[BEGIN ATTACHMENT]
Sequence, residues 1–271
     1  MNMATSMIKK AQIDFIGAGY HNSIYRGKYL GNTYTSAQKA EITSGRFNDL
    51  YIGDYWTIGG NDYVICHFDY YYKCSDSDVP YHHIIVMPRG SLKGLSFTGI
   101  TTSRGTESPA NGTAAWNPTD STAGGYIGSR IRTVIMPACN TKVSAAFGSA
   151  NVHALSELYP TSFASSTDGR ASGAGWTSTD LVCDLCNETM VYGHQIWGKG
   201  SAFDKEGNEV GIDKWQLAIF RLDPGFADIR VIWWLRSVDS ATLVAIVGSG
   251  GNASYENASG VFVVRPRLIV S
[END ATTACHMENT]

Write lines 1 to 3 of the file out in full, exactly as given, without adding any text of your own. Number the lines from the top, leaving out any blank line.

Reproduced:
Sequence, residues 1–271
     1  MNMATSMIKK AQIDFIGAGY HNSIYRGKYL GNTYTSAQKA EITSGRFNDL
    51  YIGDYWTIGG NDYVICHFDY YYKCSDSDVP YHHIIVMPRG SLKGLSFTGI